In the battle of mobile operating systems, Android and iOS each have their share of loyal followers. You can easily start a flame war on any number of tech forums by stating that one mobile platform is better than the other. However, this is not a battle that will be decided by those with the software development knowledge to carefully evaluate the pros and cons of each mobile application development platform and dig into the underlying flaws that cause problems to crop up.
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In this era, more than ever, perception is everything. It’s the viewpoint of the average customer that will ultimately drive improvements in this market. At the same time, the customer base for these operating systems is becoming better educated about what makes one mobile OS better than another for their particular usage patterns and purposes.
The five major features that matter to most end users are stability, security, multitasking abilities, battery life and of course usability. By evaluating the two major players along these five factors, we may be able to make some meaningful predictions about where the future of mobile application development is headed. Shall we steer more toward Android or iOS?
Much more important than the question, “Why do apps crash?” is the question, “How often will my apps crash?” According to data collected by Crittercism and explored by Chris Chavez at Forbes, iOS is the loser in this arena compared to Android.
That may come as a surprise to hardcore Apple supporters. But, as Honest Abe used to say, “You can’t fool all of the people all of the time.” Although Apple products may outperform competitors in many ways, the iOS apparently has some serious problems with keeping apps running. That’s a turnoff for individual customers. It’s also a big issue for businesses that want to provide their customers with an app. When end users experience an app crash, they are likely to blame the company that created and sold it – not the underlying OS.
This one’s a difficult race to call since Android and iOS each has its own set of vulnerabilities. However, iOS does appear to have an edge over Android if you believe what you read over at techweb. As with most Apple offerings, iOS is highly resistant to malware attacks. It’s also got a better grasp on data loss and data integrity as well as resource abuse problems. Two features that the average consumer can appreciate and understand are:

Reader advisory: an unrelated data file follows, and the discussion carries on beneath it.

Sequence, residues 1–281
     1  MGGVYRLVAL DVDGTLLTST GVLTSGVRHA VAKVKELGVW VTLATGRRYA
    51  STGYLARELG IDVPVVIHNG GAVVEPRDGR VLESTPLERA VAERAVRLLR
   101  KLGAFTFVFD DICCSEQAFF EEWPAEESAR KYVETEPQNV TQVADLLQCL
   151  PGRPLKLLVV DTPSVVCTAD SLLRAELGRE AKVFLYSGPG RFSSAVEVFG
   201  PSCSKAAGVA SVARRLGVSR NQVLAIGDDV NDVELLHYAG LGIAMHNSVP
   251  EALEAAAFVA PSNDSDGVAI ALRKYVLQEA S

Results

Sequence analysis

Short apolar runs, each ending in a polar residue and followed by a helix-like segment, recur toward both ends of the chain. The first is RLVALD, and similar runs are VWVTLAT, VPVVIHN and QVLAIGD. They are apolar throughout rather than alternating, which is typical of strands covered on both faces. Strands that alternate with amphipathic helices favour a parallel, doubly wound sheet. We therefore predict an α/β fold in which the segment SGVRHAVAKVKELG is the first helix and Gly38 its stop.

- The ability to wipe sensitive data remotely from a lost or stolen phone (including those embarrassing photos you took when you were drunk)
- The fact that Apple actually vets any apps sold in its store (the Android market is like the Wild West by comparison)
Business customers will love the first feature and feel ambivalent about the second. Having more hoops to jump through before being permitted to release an app for sale can delay or completely prevent a company from distributing an app. At the same time, at least if that happens the company will know what’s wrong with the app and can take steps to fix it rather than releasing an inferior or risky product.
Enterprise customers are going to care a great deal about security if their app handles sensitive consumer data. Getting a black eye over creating an app that leaves consumers open to exploitation is very bad for business.
Multitasking and battery life
These are actually two separate issues but they do have some overlap in how they affect the user experience. Android tends to do more true multitasking than iOS. An iPhone will put apps to sleep and out of memory when they aren’t actively being used. Android suspends apps in a somewhat similar way but may allow them to remain in memory. (This is all an oversimplification and you can see more detailed info over at PC World).
The bottom line is that users of Android apps that tend to send constant updates (like FaceBook and Twitter) need to manage how many apps they run at once if they want to keep their device operating optimally. On the other hand, iPhones have a reputation for quicker battery drainage than the competition regardless of how well the OS supposedly handles resources. With an Android phone, it’s fairly simple to set power saver mode to shut down non-essential features to conserve the battery based on user preferences. It’s not so simple with an iPhone and takes a lot more twiddling.
For end users, having a phone that will do what they want for as long as possible and let them run apps without interruption is going to be the most satisfying option. For businesses, it takes foresight to design an app that can deal with being treated as non-essential and put “on the shelf” during the type of multi-tasking approach used by each OS. In the end, performance between the two systems and their supporting devices is likely to even out. Neither competitor can afford to lose this battle.
This is an area where there are no good answers. Users who are familiar with one OS will always have to learn new patterns to successfully use the other. Since most people naturally resist having to put more thought into a process they already learned once, it’s very hard to say that one is better than the other. Usually, one is simply more familiar than the other.
In addition, the apps themselves rather than the operating system play the most visible and critical role in actual usability. You can see one head-to-head comparison at spyrestudios that demonstrates how tight the race is on some of the most commonly used apps. So, for consumers and business customers alike, intuitively designed apps are going to be the most attractive option regardless of the underlying OS.